Benefits of Onsite Reuse
Onsite water reuse systems represent a significant opportunity to transform the way water is managed. Onsite water reuse can provide water security for businesses, improve water access for underserved communities, and serve as a central component of climate-resilient infrastructure. The benefits of onsite water reuse include:
Onsite systems provide additional water supply and offset demands on valuable potable water supplies, important during periods of drought.
Onsite systems can manage stormwater, treat wastewater, and supply water for building occupants during natural disasters such as floods and earthquakes.
Onsite reuse can efficiently serve customers who are not easily reached with centralized systems and allow for infill development in communities where legacy infrastructure is at full capacity.
Onsite reuse helps reduce pollution by diverting surface runoff and wastewater that could otherwise contribute to flooding, sewer overflows, and surface water contamination.
Onsite systems can help reduce water and sewer bills for customers. They can also alleviate strain on infrastructure, resulting in significant savings for utilities.
Examples of Onsite Water Reuse
Communities and businesses have adopted a wide variety of onsite and distributed water reuse systems to meet needs such as improving water quality, resiliency, and availability.
Transforming Water Management | San Francisco, California
The Living Machine at San Francisco Public Utilities Commission’s headquarters was one of the first systems in the United States to recycle graywater and blackwater for onsite reuse including toilet flushing. The system includes a constructed curbside wetland for treatment and chlorine and UV for disinfection. The utility is now conducting ongoing studies to purify the building’s recycled water and produce water that meets or exceeds drinking water standards. After building the Living Machine in 2012, San Francisco became the first municipality to adopt an ordinance for similar systems at other downtown buildings. This effort has led to innovative projects like the Fifteen Fifty development, a residential high-rise with a membrane bioreactor system to treat up to 7,500 gallons per day of graywater.
Permitting and Development Center | Austin, Texas
Austin Water opened its new city building in 2022 with two cutting-edge systems to demonstrate onsite reuse. OSCAR (On-Site Collection and Reuse) is a fit-for-purpose rainwater and air-conditioning condensate reuse system that supplements CLARA (Closed-Loop Advanced Reclaimed Assembly), the building’s blackwater recycling system. The project is anticipated to save the City of Austin almost one and half million gallons of drinking water annually, and to reduce the site’s potable water use by 75%.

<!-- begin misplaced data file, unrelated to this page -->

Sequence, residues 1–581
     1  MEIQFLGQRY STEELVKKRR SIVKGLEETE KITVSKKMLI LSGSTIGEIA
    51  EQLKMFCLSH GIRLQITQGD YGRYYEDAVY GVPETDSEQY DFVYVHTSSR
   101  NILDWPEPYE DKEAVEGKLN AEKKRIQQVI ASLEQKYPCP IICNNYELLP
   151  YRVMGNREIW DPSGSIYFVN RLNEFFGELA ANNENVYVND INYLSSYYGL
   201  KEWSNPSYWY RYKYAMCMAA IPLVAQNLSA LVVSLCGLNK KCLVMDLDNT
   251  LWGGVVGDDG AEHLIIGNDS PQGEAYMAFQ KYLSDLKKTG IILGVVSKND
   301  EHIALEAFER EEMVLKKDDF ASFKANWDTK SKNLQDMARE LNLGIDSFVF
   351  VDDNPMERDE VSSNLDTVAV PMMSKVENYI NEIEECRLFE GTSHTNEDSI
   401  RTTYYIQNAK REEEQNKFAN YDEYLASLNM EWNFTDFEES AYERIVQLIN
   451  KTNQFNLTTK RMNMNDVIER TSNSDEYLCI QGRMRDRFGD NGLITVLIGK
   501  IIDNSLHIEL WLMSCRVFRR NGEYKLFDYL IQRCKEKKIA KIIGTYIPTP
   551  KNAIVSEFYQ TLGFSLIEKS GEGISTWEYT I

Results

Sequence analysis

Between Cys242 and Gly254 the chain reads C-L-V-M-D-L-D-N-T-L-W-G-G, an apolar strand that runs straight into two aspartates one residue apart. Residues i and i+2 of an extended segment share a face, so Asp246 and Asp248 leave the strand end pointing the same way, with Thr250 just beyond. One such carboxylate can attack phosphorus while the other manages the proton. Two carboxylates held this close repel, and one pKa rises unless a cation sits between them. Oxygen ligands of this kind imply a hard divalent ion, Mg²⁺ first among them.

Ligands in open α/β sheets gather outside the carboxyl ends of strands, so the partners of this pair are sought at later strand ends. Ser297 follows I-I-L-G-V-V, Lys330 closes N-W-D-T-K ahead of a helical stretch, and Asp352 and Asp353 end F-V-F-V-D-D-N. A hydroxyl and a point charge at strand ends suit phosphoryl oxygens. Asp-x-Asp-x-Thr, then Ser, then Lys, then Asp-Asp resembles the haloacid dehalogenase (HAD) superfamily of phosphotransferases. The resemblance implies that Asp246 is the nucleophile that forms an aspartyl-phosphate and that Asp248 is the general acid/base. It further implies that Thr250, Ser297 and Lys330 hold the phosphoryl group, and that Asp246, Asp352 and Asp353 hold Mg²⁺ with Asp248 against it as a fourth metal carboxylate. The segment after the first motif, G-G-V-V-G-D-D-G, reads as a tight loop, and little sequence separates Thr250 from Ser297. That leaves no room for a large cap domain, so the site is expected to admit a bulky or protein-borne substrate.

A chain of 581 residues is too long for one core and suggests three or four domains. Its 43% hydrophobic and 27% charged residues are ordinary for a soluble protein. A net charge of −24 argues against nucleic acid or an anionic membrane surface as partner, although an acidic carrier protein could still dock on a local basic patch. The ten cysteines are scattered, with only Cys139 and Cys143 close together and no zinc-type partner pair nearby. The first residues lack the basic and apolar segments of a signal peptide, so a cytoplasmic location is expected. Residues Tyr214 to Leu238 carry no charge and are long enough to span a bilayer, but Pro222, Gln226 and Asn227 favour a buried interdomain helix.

Emory University | Atlanta, Georgia
The WaterHub at Emory University serves multiple purposes by conserving water, protecting the environment, and advancing research. The system is designed to recycle up to 400,000 gallons of municipal wastewater per day, reducing Emory’s total water demand by 40%. The recycled water fills boilers, cooling systems, and toilets on campus. A thriving greenhouse serves as part of the treatment process as well as a center for research and education.
Allianz Field | St. Paul, Minnesota
A little rain can’t stop Minnesota United FC, the soccer team that plays on top of an innovative rainwater reuse system developed by the City of Saint Paul and Capitol Region Watershed District. The system includes a 675,000-gallon underground storage tank and a “smart hub” that adjusts based on weather forecasts. The treated water serves stadium toilets, laundry, and irrigation, and will supply irrigation at future developments nearby. Reusing rooftop runoff was important for developing this site, where infiltration was restricted due to contamination from historic land use.
Battery Park | New York, New York
Within the Battery Park City development, six separate in-building reuse systems treat a total of 165,000 gallons of wastewater and rainwater per day to provide non-potable water to seven buildings and a public park. Reuse reduces local strain on the city’s overtaxed combined sewer system, minimizing overflows and flooding while providing building cooling water and irrigating green roofs. Thermal energy recovery systems use building heat to reduce the energy demand.